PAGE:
Customers Don’t Like Your Services
Running an MSP means you have a daily dose of troubling new cases. Your helpdesk staff are answering dozens of emails and phone calls, while you are busy outlining a couple of projects for a client who’s moving into a bigger office. There are, in other words, quite a few operations that can go wrong.
Some clients may accept flaws as inevitable, but others won’t tolerate continuous shortcomings and will look for better service elsewhere. Constant ignorance of service issues might eventually lead you to SLA payouts and loss of reputation, which, effectively, might be the first big step to bankruptcy. So, don’t hesitate to take immediate action:
- Fine-tune processes
- Re-evaluate the work of your staff
- Make adjustments to the service legal agreement if your current workflow does not allow you to meet it
Check our article on managing MSP projects for tips on how to approach MSP projects in a way that helps your business develop and keeps your clients happy.
It might turn out, however, that your services are fine, but there is one toxic customer who’s making all the fuss. If that is the case and the rest of your clients are happily working with you, let the annoying customer go. It will be a major relief for both you and your support team.
Customers Need More Up-To-Date Solutions
Some MSPs stop thinking outside the box while polishing their existing offer. For example, they are experts in local storage management and tape backup routines – recoveries are on time and zero bits of information has ever been lost – but these MSPs fail to recognize that cloud storage and archiving solutions are becoming so cheap, safe and reliable that their clients are looking at new and more demanding services. Some will still argue that there is no better place to store a backup than on a tape drive, but the business reality is different.
You can always find flaws in new approaches while improving old ones, but ignorance about new business and technology possibilities will leave you with only the most loyal customers, preventing your MSP from growing.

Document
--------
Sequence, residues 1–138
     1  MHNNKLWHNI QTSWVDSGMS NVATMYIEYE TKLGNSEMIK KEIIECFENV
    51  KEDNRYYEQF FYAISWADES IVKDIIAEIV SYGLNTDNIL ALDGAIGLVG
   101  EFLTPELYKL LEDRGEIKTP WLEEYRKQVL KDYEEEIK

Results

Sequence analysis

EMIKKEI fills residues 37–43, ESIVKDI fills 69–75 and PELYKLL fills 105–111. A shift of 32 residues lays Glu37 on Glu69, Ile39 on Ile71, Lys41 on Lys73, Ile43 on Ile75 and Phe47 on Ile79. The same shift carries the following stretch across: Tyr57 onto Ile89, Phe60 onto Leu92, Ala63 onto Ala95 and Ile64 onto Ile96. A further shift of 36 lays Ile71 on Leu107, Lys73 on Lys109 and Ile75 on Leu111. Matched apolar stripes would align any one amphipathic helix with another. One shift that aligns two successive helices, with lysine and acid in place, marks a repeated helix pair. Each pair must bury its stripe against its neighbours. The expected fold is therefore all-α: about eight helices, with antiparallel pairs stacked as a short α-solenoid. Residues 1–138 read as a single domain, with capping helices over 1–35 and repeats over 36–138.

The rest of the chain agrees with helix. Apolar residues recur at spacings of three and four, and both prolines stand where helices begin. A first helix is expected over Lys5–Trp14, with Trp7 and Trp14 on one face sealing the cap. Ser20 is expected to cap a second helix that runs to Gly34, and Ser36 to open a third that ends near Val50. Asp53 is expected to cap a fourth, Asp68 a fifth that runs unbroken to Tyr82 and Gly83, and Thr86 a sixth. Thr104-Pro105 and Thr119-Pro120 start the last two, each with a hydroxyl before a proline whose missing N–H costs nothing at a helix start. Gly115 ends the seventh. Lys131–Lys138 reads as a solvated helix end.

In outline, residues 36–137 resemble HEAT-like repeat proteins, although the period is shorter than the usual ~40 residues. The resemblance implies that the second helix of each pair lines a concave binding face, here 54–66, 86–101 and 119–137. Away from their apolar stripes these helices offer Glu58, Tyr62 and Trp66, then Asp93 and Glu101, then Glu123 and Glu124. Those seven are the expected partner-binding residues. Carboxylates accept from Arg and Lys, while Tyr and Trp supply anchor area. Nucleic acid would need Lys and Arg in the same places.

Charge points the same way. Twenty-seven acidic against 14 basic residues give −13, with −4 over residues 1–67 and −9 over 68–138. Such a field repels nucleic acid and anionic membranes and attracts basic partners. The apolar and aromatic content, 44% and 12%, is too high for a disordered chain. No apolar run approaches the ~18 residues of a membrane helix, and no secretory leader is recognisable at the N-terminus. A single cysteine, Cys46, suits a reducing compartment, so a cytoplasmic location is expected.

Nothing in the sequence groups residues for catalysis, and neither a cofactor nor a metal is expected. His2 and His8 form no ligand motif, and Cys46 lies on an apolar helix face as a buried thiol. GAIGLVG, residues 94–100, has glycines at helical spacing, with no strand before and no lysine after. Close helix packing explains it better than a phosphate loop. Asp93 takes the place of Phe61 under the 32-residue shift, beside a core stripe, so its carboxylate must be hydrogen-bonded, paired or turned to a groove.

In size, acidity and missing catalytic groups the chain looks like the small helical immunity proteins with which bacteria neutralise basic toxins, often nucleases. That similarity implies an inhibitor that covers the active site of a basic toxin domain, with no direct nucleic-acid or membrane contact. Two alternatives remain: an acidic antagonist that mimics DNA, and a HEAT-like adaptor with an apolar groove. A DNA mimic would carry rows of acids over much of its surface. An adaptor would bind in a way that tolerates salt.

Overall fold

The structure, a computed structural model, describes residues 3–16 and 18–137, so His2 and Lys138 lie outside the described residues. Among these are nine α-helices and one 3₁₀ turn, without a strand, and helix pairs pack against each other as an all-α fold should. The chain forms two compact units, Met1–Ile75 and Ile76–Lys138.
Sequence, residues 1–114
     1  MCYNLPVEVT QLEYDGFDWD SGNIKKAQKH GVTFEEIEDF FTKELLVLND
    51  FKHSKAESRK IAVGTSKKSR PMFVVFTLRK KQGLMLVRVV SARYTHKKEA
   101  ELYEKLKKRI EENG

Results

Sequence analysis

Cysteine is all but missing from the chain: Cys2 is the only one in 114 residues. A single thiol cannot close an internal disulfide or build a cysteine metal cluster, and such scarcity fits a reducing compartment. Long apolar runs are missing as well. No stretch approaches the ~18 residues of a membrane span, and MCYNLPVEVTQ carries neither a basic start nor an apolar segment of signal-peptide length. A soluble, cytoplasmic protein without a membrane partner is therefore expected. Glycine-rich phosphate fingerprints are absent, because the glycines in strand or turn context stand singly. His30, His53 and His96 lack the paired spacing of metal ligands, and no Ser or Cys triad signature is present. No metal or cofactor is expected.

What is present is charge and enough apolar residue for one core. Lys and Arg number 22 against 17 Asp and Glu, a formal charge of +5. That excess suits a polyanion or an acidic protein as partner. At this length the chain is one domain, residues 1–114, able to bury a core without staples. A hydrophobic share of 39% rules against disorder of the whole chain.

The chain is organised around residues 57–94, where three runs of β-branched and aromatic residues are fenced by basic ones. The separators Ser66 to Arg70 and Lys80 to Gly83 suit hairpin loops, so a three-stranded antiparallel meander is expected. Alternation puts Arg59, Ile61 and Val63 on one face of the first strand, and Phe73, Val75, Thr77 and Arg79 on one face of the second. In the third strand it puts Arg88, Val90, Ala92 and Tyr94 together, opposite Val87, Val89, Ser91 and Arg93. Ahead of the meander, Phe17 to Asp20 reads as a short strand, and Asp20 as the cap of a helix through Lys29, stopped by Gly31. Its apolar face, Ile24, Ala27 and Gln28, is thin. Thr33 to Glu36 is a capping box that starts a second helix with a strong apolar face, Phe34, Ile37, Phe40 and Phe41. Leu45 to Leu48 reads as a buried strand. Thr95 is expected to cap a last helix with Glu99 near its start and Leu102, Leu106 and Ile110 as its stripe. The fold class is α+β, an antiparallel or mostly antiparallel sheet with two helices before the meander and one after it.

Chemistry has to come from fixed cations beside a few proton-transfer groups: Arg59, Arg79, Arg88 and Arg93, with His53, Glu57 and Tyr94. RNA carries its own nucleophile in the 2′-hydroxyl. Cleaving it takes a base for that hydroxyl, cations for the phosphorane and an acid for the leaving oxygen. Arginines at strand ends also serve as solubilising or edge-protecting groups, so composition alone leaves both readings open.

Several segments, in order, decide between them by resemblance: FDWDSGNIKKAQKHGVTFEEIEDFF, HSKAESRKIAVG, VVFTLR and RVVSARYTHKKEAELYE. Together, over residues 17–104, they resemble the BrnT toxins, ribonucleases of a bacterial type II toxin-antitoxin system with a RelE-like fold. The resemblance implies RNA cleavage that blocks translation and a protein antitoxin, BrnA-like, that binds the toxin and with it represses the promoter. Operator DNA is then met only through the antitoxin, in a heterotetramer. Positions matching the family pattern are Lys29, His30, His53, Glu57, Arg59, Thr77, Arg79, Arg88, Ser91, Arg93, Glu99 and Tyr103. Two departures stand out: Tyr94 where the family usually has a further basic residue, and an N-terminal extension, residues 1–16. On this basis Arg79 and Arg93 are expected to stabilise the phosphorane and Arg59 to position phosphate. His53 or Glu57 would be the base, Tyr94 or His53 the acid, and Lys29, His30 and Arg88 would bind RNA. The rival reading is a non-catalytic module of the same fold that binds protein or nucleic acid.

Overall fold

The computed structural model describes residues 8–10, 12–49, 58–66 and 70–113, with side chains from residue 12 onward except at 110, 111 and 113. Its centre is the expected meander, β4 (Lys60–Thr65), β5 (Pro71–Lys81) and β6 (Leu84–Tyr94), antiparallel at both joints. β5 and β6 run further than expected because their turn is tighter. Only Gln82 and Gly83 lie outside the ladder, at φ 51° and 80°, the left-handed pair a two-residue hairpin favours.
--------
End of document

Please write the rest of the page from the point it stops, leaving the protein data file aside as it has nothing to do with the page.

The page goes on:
Further reading Cloud Based Storage vs Local Storage
Customers Need More Complex Solutions
Over time, your customers might thrive and grow, along with their operations and needs. Eventually, their infrastructure needs to become more interconnected and sophisticated, but you may not be ready to give them adequate technological advice or solutions. Thus you find yourself at a crossroads – whether to keep operations and the core customer as is, or to aim for bigger clients, which means widening your talent pool and your offering.
Growing for the sake of only one customer, on the other hand, might be dangerous. If you lose that contract, you will have to discontinue some operations or look for another profitable opportunity.
Further reading Going for Bigger Customers: Are You Ready?
It Just Happens
Businesses shut down all the time, operations are moved to other locations, the business owners may be in a bad mood; in other words, customers may leave you without an obvious reason. Let it go and don’t stop looking for new prospects.
Now It’s Your Turn
Keeping your churn rate at zero is an impossible task and clients will leave from time to time. There are two similarly dangerous mindsets you can have in this case:
- "We can fix everything, no client will ever leave us.” This approach typically leads to witch-hunts and nitpicking. Don’t lay into your team or overhaul your processes after a single incident.
- “Things happen, let’s move on.” This way, you stay in your comfort zone - and lose more clients over time. Similarly to failing to see new opportunities, ignorance of the fact that customers are leaving is the first step to stagnation.
It’s easy to lose track while dealing with all the uncertainty that’s tied with running an MSP business, so don’t be afraid to talk to your peers. The MSP space is full of people willing to help, who have encountered similar hurdles and are ready to share their insight with you.